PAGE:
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Youth worship service rocks

10/3/2003 News media contact: Kathy Gilbert · (615) 742-5470 · Nashville, Tenn.

This report is a sidebar to story #469. Photographs are available.

A UMNS-UMC.org Report By Kathy L. Gilbert*

LINK: Click to open full size version of image
Kevin Jeanes (left) and Matt Franklin rehearse for Crave, a youth-led worship service that is open to young people from around northern Virginia. The monthly service, held at Fairfax Station Christ United Methodist Church, typically draws 100 to 300 youth. A UMNS photo by Jay Mallin. Photo number 03-320, Accompanies UMNS #472, 10/1/03


LINK: Click to open full size version of image
Brandon Child is director of power point ministries for Crave. “Where else can you stand up on the chairs in church and praise the Lord?” he asks. A UMNS photo by Jay Mallin. Photo number 03-321, Accompanies UMNS #472, 10/1/03
FAIRFAX STATION, Va. (UMNS) - First they climb up on chairs and cover the huge window in the sanctuary with black garbage bags.

Next they put away the flowers and plants around the altar and install large highway traffic signs.

Then come the candles. Lots and lots of candles.

Hot guitar licks and pulsating drum rolls spill out of the sanctuary while an anxious crowd mills around waiting for the doors to open. The band is warming up, and an intense young man in a white baseball hat belts out: "God is bigger than the air I breathe; God will save the day."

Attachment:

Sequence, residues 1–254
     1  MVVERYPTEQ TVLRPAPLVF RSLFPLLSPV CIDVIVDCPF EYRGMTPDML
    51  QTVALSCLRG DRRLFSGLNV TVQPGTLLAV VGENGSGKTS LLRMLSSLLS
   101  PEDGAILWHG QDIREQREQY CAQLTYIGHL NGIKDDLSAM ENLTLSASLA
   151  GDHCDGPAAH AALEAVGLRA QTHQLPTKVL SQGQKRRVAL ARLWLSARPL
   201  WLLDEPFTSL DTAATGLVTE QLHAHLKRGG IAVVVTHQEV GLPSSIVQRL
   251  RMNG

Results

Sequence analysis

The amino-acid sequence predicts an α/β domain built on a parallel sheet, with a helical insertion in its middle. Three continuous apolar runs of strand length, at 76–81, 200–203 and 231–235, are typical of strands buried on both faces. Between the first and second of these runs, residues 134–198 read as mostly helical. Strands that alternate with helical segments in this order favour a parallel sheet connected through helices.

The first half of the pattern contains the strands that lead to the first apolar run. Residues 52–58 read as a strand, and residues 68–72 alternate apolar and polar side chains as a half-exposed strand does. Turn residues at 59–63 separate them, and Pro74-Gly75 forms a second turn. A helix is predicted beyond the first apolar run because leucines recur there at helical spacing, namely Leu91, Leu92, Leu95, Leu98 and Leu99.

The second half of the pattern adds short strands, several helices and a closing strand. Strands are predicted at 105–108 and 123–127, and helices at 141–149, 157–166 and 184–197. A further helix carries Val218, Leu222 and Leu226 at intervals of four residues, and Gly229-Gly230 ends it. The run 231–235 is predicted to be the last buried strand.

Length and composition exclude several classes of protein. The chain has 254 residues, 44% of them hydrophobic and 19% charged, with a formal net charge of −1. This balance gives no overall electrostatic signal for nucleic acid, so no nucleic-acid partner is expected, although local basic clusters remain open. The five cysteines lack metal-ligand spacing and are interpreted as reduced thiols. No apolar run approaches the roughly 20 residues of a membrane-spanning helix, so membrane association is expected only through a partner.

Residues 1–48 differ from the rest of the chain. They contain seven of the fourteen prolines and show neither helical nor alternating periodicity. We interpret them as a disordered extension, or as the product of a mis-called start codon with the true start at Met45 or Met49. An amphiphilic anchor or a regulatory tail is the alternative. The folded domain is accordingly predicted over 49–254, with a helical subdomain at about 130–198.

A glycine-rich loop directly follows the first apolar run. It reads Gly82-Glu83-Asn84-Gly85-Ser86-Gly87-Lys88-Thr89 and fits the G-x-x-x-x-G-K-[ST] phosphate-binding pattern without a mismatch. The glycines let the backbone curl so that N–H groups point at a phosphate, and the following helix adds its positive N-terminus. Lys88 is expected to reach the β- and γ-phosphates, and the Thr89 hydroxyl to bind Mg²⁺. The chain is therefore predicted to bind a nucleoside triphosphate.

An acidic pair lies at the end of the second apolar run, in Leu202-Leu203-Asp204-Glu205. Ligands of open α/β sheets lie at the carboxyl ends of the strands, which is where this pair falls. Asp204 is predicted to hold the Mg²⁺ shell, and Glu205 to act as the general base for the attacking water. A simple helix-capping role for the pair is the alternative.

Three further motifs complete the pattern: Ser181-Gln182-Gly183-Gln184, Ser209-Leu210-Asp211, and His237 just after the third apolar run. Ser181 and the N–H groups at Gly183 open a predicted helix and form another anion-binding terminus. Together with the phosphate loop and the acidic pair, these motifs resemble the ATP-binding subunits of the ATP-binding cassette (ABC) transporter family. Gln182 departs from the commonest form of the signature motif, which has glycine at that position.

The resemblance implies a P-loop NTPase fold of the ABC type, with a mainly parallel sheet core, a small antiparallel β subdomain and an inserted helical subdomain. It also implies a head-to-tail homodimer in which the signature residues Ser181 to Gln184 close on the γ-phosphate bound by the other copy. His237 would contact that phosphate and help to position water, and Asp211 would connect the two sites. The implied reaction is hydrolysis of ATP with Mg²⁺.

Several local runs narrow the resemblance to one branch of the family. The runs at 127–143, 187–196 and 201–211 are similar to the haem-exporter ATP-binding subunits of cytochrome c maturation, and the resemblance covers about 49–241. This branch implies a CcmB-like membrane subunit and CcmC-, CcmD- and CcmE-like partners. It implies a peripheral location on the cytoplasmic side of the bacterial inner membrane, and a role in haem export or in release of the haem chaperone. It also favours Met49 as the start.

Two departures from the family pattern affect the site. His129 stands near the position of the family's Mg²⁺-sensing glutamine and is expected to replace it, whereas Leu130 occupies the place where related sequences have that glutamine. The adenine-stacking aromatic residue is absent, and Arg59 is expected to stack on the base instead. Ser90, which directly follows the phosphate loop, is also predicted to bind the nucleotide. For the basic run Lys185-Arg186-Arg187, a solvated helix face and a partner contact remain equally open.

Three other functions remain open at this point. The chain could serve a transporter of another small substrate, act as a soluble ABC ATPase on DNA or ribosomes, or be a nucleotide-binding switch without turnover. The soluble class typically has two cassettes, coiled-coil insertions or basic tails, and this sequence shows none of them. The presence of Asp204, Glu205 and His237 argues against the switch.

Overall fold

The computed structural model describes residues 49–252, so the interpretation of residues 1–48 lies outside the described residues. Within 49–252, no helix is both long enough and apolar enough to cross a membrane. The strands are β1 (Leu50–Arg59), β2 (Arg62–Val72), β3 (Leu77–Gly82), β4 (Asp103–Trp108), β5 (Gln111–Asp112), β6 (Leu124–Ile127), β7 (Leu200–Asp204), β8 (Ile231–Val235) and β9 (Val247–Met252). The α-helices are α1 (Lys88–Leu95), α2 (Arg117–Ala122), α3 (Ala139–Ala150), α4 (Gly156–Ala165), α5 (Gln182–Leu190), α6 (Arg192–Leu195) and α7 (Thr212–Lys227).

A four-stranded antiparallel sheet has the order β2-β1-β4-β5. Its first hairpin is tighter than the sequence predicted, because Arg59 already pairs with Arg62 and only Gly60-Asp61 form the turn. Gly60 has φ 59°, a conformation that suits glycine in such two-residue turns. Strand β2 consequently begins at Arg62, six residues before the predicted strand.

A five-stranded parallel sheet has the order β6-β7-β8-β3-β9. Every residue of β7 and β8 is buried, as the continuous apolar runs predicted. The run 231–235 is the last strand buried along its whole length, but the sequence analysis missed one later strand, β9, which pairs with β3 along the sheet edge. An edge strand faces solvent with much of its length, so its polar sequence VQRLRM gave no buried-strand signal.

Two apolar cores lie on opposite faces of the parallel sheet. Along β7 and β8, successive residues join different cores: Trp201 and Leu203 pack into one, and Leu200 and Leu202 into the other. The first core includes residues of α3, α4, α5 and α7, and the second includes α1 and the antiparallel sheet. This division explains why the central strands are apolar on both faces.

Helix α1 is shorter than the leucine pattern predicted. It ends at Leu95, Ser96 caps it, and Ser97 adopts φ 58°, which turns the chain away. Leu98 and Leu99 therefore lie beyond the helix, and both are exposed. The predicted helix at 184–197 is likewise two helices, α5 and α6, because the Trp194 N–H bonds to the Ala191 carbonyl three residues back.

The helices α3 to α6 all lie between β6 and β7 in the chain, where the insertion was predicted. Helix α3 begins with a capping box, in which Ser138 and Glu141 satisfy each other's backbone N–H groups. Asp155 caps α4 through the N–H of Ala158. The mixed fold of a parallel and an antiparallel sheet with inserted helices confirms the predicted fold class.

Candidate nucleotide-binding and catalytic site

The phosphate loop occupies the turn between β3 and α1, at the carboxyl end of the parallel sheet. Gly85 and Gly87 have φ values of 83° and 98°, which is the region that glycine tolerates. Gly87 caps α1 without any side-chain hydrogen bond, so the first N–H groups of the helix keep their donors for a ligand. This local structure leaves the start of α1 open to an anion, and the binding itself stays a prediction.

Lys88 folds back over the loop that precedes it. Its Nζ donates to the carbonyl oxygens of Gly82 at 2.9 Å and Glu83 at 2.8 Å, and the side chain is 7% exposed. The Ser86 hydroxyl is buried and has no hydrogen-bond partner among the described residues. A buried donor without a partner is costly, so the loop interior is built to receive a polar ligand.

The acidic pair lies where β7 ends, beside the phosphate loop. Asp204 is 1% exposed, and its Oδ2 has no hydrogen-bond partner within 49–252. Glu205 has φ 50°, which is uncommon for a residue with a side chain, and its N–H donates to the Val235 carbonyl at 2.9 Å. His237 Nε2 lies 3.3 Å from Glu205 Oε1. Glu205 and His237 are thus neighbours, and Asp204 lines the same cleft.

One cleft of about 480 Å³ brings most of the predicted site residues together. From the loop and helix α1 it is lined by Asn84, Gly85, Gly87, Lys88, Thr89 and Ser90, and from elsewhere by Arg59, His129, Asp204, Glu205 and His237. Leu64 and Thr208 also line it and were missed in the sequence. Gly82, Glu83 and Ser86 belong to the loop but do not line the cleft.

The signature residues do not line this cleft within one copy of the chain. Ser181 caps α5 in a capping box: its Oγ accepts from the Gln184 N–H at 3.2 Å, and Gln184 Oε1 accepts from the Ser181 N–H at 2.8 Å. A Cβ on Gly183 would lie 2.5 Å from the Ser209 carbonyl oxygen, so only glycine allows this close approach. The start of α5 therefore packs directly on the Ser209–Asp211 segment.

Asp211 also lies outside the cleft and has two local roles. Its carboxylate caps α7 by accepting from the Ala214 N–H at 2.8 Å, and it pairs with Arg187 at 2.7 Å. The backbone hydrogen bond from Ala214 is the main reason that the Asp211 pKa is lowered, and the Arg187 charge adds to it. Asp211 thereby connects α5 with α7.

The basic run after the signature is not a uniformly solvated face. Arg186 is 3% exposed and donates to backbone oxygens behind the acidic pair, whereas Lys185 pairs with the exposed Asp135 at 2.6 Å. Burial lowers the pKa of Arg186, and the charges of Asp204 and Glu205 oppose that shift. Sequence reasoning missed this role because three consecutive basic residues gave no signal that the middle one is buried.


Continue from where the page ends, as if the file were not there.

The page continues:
It is the first Sunday night of the month, and it is time for Crave.

Crave is a youth-led, youth-planned worship service that is open to young people from all over northern Virginia. It began at Fairfax Station Christ United Methodist Church two years ago.

"Where else can you stand up on the chairs in church and praise the Lord," asks a grinning Brandon Child, director of power point ministries for Crave.

Crave usually draws 100 to 300 youth from three districts, says youth director Taylor Gaddy.

Gaddy is the "adult" presence during Crave, but he is the first to point out he is not in charge, it is not his service.

"If we tell him something needs to go or be changed, he listens," says Sara Massei, a member of the Crave team. "It is our event, and he knows we know what everyone else our age is going to like."

"He is there to help us, but he lets us make the decisions," agrees Patrick Mutchler.

"We are going to have to expand the church just for Crave services," Child says. "We have more people coming to Crave than the church has on Easter!"

Crave is an example of a successful youth program that has received funding from the denomination's Shared Mission Focus on Young People initiative. The church's General Conference adopted the initiative in 1996 with the charge of "re-ordering the priorities of the United Methodist Church to better respond to the joys and pains of young people."

The initiative provides grants for projects that address the needs of young people, particularly in ways that can have a broader impact in the church.

"Crave has really taken off with the youth in the area," says Ciona Rouse, director of the initiative. "It is a worship experience that seems to be a good model for other churches to reach youth."

More information on grants is available at http://www.idreamachurch.com/grants.asp.

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